While you may be traveling for art, culture, and history, some ancient Greek theatres are worth your time. You will be fascinated to know that some of them can be still visited for shows or sightseeing.
Greece holds on to massive ruins including some of the most popular ancient theatres and amphitheaters. This is certainly an indicator of the fact that the ancient Greeks were much addicted to entertainment and public spectacle at that time as they are now interested in movies and drama.
In ancient Greece, all of the cities and most of the large towns had at least one theatre. Many of them were in fact, big enough to seat over 15000 people. However, with changing time, theatres and their significance kept taking a more developed form.
Most of these theatres remained buried under various landscapes until the late 18th and 19th centuries when they were rediscovered. Archeological surveys and discoveries like this continue even today. Some of these theatres and amphitheaters have been declared as UNESCO World Heritage Sites while many more are added to the pending list.
A handful of these historic theatres have been returned to modern use for musical performances and drama. Since they are fragile and open to different elements that would affect them, they are used only on special occasions and festivals. While you plan to explore one of these Greek theatres, plan accordingly.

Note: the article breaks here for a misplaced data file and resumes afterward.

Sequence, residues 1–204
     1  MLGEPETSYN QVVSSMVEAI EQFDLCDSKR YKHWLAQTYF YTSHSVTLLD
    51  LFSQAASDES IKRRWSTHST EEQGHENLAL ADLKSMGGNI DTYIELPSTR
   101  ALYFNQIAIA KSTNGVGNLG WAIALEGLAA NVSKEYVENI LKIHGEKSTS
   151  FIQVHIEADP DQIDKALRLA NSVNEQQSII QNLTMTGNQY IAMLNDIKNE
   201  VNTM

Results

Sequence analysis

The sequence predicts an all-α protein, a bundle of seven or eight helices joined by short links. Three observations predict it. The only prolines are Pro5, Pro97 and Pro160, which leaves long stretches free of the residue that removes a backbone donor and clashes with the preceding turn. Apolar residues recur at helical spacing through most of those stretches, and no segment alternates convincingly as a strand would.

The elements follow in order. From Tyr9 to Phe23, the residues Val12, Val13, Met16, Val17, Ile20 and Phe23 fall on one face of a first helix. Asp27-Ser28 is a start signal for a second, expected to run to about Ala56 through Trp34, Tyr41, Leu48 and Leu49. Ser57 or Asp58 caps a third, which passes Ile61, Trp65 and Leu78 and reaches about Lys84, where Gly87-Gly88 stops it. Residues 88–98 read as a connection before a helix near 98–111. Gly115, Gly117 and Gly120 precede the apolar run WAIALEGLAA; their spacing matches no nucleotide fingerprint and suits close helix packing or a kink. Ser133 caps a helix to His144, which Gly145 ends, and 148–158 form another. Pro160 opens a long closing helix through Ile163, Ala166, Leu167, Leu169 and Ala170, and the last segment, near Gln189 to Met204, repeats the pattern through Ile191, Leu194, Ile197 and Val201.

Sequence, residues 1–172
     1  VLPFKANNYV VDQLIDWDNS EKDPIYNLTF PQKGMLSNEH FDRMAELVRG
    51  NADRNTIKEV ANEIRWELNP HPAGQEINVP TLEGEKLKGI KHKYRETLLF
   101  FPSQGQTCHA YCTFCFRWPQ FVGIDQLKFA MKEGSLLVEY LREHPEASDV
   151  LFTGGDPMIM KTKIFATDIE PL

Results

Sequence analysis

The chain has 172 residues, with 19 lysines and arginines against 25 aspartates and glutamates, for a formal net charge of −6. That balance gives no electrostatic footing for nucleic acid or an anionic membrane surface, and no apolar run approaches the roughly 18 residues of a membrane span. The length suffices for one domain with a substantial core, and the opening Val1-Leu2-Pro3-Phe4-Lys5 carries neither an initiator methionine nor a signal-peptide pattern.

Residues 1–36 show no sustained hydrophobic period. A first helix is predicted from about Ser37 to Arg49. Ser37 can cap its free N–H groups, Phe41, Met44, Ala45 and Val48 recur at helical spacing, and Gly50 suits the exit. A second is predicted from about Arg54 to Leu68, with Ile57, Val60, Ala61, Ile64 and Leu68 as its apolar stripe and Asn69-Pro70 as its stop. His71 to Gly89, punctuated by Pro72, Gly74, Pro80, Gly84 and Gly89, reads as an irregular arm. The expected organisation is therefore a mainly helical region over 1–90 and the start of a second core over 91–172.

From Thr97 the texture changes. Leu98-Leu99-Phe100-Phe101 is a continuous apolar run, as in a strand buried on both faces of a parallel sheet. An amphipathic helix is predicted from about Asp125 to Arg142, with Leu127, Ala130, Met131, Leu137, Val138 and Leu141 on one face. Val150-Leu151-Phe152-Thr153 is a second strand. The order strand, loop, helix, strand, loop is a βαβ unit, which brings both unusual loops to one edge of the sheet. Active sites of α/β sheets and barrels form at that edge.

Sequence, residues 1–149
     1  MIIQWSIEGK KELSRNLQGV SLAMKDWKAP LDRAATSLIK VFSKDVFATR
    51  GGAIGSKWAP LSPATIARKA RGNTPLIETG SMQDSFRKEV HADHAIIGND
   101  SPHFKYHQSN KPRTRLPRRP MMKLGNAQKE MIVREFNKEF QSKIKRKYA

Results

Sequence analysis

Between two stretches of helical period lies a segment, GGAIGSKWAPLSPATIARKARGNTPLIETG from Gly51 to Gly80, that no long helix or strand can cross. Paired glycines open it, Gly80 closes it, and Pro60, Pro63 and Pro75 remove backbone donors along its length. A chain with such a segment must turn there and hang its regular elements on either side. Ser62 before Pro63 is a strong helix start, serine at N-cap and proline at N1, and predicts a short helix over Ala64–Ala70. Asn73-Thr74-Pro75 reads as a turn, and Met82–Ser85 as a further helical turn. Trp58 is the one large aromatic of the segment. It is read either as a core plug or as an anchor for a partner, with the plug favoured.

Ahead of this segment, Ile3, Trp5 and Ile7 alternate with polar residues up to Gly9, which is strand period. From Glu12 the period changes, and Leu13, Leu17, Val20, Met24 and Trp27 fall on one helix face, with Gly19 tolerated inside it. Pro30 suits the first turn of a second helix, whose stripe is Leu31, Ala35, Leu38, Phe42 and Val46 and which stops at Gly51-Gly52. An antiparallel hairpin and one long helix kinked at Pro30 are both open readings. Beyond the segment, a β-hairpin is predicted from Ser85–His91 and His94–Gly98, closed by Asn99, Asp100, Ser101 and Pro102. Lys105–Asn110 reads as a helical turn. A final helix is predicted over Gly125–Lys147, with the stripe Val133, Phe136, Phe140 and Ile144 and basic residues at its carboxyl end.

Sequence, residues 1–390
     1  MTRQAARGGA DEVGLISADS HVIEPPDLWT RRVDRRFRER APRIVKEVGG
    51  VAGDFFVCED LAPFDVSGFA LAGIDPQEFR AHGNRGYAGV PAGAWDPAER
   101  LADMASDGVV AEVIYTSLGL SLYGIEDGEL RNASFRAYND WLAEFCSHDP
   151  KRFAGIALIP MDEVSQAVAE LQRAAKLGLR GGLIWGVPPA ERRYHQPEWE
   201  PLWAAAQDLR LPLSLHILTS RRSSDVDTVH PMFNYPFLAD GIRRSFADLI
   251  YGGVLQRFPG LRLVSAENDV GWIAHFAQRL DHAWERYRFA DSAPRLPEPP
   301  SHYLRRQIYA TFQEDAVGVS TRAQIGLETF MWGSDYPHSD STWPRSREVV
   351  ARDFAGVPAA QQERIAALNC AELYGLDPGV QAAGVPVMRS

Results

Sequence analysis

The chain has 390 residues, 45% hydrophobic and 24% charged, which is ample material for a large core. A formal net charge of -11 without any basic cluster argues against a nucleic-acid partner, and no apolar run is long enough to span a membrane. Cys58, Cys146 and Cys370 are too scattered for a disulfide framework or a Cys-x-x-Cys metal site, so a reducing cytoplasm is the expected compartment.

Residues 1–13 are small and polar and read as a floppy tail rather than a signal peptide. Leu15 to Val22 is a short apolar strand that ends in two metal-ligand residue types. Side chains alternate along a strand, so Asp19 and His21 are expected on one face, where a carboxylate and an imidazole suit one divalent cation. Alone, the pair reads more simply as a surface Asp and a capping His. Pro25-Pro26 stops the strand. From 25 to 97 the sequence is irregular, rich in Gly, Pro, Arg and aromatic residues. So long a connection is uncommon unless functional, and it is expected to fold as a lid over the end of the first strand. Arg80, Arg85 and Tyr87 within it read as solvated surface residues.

Ancient Greek Theatres You Can Still Visit
1. The Great Ancient Theatre of Epidaurus
Situated at the Sanctuary of Asclepius, the Ancient Theatre of Epidaurus is one of the major venues for the annual Athens and Epidaurus Festival. It was built as a part of this sanctuary that was dedicated to Asclepius, the God of Medicine.
At this place, various poetry, music, and athletic contests were known to be conducted in the honor of God. To the west of a mountain near Lygourio, this theatre was built into a natural hollow and had the capacity of seating around 14,000 people.
It is considered to be one of the best-preserved ancient Greek theatres. There was no change made by the Romans. The magnificent acoustics here are also popular. While you visit during the day when there are no performances, you can check out a few of them.
Get astounded by the sound effect from the circular orchestra pit as you whisper to your friend sitting in the upper tier. It will be absolutely clear.
What To See?
Various musical performances and theatre drama shows are held here. This is being done since the end of World War II. Apart from classical Greek plays, you can expect various other plays including Shakespeare.
2. The Odeon of Herodes Atticus
This is counted among the most significant sacred sites in Athens. This used to be the gathering place in ancient times where all the rituals were held. The south slope has three ancient theatres and the Odeon of Herodes Atticus is the only one that’s open to performances. Among locals, it’s known as the Herodian.